Thanks for an online course I once did on sports writing, I’ve cultivated the (extremely useful) habit of jotting down important moments during a football match. It goes like this:
4′ – Arsenal score! Great cross along ground frm right by Walcott, Giroud scores. Wenger doesn’t celebrate.
6′ – Kroos long range shot, saved.
10′ – Bayern corner. Gustavo goes close, but strike goes over. Too high?
And so on. But on Tuesday, March 12, when Barcelona hosted AC Milan during the second leg of their Round of 16 Champions League match, I could barely take my eyes off the screen to jot down the important passages of play. There were just too many of them. That first half performance, which yielded Barca 2 goals, has been called arguably their greatest display in recent years — and that’s saying a lot, considering they’ve played in Champions League finals, semifinals and innumerable El Classicos during this period.
All Milan had to do was score once and Barca would have needed four goals to ensure qualification to the quarterfinals. Four. (Milan had won the first leg 2-0.) But the lone goal never came, and I gotta say it’s an absolute privilege we’re getting to watch this glorious team at its peak. (They can still cut out on the diving, though.)
That first-half display reminded me of another extraordinary first-half, by Milan against Liverpool during the 2005 Champions League final. Paolo Maldini had scored — his first goal in I don’t know who many seasons — in the 3rd minute, and Hernan Crespo had picked up a brace before the half-time whistle. When the players trooped off at half-time, Ricky Kaka had run Liverpool absolutely ragged from the middle of the pitch. It was of this performance that the great Brian Glanville wrote, “Milan had a great first-half. A half, but what a half!”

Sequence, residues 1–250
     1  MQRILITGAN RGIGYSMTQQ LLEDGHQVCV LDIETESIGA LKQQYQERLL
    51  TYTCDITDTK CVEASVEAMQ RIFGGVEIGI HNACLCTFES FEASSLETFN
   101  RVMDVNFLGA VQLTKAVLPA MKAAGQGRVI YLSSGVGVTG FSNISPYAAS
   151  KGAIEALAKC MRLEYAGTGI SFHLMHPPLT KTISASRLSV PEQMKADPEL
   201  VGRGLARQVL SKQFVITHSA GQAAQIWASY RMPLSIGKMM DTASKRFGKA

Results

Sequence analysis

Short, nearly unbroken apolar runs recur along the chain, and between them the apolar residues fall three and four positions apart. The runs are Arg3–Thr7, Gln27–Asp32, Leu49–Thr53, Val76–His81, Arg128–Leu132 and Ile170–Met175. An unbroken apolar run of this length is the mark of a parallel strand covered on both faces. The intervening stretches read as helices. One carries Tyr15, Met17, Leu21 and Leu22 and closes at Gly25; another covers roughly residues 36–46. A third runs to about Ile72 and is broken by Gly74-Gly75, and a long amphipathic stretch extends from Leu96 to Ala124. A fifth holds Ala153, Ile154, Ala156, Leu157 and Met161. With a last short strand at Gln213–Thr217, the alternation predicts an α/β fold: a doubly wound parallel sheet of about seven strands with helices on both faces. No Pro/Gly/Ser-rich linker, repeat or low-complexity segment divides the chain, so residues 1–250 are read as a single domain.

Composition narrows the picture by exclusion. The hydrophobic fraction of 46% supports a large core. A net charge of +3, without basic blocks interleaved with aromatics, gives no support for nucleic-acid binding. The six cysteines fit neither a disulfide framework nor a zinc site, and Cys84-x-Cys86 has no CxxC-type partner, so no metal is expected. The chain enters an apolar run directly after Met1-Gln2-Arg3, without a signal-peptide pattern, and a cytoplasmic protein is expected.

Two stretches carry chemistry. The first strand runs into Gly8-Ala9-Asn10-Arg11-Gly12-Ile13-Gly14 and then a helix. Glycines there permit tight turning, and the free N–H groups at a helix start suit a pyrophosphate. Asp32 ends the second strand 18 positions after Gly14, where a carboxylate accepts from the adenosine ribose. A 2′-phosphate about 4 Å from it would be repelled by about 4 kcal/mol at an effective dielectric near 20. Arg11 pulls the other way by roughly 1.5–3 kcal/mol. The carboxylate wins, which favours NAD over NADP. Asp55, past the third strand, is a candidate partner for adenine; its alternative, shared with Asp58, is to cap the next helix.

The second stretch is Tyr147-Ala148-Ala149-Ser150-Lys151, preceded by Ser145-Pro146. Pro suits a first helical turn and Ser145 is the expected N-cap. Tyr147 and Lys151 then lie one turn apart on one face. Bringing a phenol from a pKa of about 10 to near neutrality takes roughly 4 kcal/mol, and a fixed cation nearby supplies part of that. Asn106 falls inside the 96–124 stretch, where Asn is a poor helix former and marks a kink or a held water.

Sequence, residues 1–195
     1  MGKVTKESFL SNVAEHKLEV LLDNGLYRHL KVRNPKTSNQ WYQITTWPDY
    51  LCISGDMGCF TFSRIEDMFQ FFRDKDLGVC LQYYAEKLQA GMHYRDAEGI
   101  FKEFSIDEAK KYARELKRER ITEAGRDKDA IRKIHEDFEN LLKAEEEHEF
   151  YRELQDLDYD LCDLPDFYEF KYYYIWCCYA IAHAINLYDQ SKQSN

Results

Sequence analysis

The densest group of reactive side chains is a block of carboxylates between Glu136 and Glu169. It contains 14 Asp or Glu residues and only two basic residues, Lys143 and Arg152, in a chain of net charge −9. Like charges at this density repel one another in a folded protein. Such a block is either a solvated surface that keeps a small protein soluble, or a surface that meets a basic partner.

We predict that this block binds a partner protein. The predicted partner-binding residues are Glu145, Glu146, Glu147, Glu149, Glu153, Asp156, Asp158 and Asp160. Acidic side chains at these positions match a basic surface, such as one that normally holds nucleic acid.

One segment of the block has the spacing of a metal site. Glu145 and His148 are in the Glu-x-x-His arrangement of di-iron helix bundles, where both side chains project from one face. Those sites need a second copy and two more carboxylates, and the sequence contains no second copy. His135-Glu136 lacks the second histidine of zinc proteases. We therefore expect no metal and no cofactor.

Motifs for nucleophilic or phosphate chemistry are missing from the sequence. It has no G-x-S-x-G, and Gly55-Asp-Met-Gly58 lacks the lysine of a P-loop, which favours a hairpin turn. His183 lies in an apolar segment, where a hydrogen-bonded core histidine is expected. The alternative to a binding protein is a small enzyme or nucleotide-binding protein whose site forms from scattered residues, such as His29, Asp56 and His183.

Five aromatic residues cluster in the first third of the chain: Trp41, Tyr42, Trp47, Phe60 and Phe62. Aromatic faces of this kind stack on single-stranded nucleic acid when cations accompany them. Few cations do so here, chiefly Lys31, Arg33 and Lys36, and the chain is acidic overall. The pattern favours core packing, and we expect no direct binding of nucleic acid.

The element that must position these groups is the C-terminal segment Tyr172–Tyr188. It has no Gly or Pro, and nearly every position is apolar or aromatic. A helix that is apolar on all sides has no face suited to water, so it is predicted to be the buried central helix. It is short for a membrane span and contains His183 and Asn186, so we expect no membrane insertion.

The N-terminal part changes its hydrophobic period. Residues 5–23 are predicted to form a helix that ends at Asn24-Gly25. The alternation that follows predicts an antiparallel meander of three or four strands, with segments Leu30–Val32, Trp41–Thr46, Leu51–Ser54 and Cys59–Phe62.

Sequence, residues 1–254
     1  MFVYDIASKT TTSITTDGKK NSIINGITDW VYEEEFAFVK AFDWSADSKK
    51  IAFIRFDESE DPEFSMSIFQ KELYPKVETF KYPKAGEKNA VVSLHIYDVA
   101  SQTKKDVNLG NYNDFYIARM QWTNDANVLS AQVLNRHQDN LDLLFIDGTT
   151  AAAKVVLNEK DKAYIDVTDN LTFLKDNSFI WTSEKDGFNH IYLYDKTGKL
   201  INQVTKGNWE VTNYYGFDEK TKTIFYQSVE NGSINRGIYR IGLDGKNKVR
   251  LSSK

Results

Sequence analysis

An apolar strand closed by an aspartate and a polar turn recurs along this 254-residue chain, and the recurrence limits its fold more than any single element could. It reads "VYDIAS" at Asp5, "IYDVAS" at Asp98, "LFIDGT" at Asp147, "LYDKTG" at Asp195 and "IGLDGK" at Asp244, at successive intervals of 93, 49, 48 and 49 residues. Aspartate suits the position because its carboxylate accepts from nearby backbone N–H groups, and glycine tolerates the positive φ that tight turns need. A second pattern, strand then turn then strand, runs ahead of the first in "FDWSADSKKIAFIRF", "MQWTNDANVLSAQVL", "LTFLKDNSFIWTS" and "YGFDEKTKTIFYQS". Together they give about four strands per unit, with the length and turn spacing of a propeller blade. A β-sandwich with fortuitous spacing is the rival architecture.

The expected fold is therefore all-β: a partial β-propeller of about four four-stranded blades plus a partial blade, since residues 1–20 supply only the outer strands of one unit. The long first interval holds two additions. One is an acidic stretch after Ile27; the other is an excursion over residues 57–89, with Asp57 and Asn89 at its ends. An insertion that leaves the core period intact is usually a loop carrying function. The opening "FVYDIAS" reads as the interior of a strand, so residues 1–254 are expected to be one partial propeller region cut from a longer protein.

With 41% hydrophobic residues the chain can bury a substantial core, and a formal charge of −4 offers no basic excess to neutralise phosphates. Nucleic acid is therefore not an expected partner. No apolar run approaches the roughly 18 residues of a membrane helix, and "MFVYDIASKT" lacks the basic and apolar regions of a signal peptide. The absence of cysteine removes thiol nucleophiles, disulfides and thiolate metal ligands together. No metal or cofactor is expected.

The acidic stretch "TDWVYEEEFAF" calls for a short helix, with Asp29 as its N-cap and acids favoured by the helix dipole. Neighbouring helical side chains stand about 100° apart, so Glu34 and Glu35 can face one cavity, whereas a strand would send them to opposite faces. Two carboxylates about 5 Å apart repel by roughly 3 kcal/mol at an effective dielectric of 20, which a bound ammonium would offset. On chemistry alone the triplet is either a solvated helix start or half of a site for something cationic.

Liverpool fought back to eventually win the final, but that first-half remains one of the best displays of Carlo Ancelotti’s great Milan side of the early and mid 2000s.
I wrote on the same theme, along with another of this week’s Round of 16 tie, for my piece on the IBN blog. The other match saw Arsenal beat Bayern Munich in their own backyard, with a performance that left you shaking your fists furiously at the television screen, wondering aloud where all this guts and gumption had gone during their first leg, which Arsenal had lost 1-3. Wenger’s boys (and they’re still boys) won 2-0 on the night, but were eliminated on aggregate. What a waste.